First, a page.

• A democratically elected school council
  • Pupil surveys where every voice is valued
  • Recruitment of Year 6 Pupil Advocates to lead activities and support the running of the school
  • Debating encouraged throughout the curriculum

The Rule of Law

Rules and laws are important whether they be those that govern the school community or the country. They protect us and ensure that we stay safe. Thus, there are consequences when we break rules and laws.

  • A whole school behaviour system with termly passport trip
  • Pupils appointed as Digital Leaders raise the awareness of e-safety including e-safety scenarios for pupils to discuss with their class
  • Visits from the emergency services take place during the year and are built into topic and English work
  • Organisations such as the NSPCC, For Jimmy and Growing Against Violence have worked in partnership with the school to protect pupils from harm

Individual Liberty

All children are actively encouraged to make independent choices knowing they are in a safe and supportive environment.

 

  • Safer School Week teaches children how to keep themselves and others safe
  • An extensive timetable of provision during break times gives children greater choice and improves learning experiences outside the classroom
  • A range of after school clubs are tailored to children’s talents and interests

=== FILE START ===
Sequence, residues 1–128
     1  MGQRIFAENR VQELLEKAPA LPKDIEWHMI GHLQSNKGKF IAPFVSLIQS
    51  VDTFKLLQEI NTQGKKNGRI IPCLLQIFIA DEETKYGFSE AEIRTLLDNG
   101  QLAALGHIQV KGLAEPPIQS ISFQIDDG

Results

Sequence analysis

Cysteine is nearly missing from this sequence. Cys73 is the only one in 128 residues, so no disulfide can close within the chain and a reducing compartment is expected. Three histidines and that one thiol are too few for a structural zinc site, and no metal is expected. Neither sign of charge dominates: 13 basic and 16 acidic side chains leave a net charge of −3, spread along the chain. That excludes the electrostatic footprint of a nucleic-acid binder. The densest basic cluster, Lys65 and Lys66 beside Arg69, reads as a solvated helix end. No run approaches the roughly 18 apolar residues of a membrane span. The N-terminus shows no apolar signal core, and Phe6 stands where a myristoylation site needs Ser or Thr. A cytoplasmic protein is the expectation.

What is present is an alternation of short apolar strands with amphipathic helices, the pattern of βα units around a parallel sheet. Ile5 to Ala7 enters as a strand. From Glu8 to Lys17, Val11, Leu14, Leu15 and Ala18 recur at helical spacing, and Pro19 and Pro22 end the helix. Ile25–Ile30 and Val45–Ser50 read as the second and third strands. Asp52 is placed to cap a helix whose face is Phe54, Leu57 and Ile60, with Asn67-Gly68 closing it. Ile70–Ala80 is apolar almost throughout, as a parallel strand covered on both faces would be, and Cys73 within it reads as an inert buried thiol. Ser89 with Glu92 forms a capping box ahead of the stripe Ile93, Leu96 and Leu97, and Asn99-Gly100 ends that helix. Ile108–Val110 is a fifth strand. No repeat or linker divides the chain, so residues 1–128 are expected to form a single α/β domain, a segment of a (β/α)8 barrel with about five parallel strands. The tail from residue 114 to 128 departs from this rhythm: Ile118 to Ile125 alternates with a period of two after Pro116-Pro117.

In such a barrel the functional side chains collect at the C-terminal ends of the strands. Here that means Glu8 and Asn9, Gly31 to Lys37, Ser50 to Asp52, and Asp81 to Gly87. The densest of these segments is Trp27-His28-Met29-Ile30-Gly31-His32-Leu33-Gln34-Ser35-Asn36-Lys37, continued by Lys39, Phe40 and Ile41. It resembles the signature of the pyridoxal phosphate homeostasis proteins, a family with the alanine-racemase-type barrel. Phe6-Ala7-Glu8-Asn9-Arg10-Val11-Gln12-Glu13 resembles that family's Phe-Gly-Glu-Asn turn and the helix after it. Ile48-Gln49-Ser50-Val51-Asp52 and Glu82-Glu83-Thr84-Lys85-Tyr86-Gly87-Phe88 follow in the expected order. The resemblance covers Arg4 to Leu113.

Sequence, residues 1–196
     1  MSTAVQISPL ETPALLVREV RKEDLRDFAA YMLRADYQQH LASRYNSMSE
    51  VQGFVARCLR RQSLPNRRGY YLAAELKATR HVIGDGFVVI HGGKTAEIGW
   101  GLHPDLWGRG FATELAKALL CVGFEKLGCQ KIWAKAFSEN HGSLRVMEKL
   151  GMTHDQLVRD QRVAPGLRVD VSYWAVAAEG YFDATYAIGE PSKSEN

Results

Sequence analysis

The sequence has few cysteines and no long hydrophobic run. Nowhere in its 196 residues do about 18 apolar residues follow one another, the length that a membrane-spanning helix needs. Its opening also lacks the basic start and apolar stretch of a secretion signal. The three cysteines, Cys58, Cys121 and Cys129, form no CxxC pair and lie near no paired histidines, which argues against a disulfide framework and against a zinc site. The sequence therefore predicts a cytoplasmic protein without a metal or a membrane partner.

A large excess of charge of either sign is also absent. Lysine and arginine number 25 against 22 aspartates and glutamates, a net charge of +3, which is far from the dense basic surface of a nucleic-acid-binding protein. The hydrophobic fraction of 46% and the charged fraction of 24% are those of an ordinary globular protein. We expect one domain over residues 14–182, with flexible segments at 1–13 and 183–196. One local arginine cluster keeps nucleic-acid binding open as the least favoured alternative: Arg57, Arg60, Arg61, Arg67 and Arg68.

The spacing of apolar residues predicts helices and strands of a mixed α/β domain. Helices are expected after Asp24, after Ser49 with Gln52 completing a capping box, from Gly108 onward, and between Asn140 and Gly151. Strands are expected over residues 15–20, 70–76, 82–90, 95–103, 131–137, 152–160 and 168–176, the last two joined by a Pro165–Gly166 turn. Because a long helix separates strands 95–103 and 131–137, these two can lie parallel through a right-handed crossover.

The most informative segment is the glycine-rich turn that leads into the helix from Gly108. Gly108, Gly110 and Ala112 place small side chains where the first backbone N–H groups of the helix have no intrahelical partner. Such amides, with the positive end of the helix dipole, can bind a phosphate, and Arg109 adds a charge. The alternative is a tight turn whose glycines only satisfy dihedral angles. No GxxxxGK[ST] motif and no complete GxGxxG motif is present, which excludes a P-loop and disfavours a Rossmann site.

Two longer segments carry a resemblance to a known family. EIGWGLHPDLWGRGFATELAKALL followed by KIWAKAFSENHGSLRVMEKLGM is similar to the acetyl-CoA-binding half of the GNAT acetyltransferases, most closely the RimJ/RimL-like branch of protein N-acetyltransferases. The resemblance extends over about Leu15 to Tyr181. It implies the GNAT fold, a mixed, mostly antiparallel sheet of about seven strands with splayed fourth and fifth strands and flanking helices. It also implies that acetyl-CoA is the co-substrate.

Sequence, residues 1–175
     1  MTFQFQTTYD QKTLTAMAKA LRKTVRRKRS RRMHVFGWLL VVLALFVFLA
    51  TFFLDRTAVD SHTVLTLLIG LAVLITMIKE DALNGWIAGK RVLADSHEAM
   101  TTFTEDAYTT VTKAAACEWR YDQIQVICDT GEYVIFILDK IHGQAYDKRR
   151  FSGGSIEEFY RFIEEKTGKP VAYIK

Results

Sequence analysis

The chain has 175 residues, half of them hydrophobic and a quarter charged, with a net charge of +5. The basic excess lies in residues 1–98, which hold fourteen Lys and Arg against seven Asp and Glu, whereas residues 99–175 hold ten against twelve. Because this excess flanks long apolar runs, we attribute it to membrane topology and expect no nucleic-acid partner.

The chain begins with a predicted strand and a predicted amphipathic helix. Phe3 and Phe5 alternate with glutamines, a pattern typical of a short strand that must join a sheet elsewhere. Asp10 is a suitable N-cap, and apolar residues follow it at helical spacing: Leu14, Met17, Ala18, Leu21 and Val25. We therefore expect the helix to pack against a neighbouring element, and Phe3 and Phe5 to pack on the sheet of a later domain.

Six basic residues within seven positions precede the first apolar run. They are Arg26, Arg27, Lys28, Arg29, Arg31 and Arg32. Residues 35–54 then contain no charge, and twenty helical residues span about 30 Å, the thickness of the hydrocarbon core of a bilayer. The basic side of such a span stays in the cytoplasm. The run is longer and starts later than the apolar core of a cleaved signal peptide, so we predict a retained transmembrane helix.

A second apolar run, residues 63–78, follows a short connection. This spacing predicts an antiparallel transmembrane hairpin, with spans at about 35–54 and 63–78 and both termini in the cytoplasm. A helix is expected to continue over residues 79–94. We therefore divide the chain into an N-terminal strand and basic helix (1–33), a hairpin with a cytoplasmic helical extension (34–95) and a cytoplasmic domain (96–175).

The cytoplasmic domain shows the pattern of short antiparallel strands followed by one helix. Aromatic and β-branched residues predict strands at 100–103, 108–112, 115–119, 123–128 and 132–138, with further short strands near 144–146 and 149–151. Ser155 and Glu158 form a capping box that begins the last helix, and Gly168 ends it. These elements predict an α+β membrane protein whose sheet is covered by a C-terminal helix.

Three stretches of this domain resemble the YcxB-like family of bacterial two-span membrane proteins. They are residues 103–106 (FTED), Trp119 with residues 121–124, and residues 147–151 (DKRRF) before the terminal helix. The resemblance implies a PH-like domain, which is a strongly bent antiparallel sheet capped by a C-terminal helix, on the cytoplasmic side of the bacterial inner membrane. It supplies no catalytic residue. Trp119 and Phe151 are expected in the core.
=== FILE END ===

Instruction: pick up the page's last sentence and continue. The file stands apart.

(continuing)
• A Place2Be counselling service including lunchtime drop-ins to support emotional wellbeing

Mutual Respect

Everyone within the school community; adults and children learn they must respect the rights of others. We appreciate other people from alternative backgrounds who may hold different opinions and have different cultures.

  • Pupils rehearse and revisit behaviours on their Class Charters
  • Regular Circle Time
  • Buddy classes are encouraged. Older children collaborate with younger children in the school on special projects e.g. sharing stories
  • Philosophy for Children helps children to respect differences in belief as well as the beliefs we share
  • Teacher led reflection time improves behaviour

Tolerance of those of Different Faiths and Beliefs

We ensure that children are aware of their place in a culturally diverse society and give them plenty of opportunities to experience different aspects of diversity.

  • The celebration of Black History Month
  • The teaching of all six major world religions
  • Spanish Teaching in years 3-6
  • ‘Good Morning Project’ where each week children answer the register in a different language

 

Pupils’ cultural development is enhanced by specialist teachers and volunteers who champion creativity and sporting prowess. Pupils have performed Shakespeare on stage, opened their own art exhibitions, recorded and performed their own songs, hosted cultural events in another language and represented their class, school and borough in sporting events from golf to athletics. In doing so, pupils learn to appreciate a wide range of cultural influences, history and values.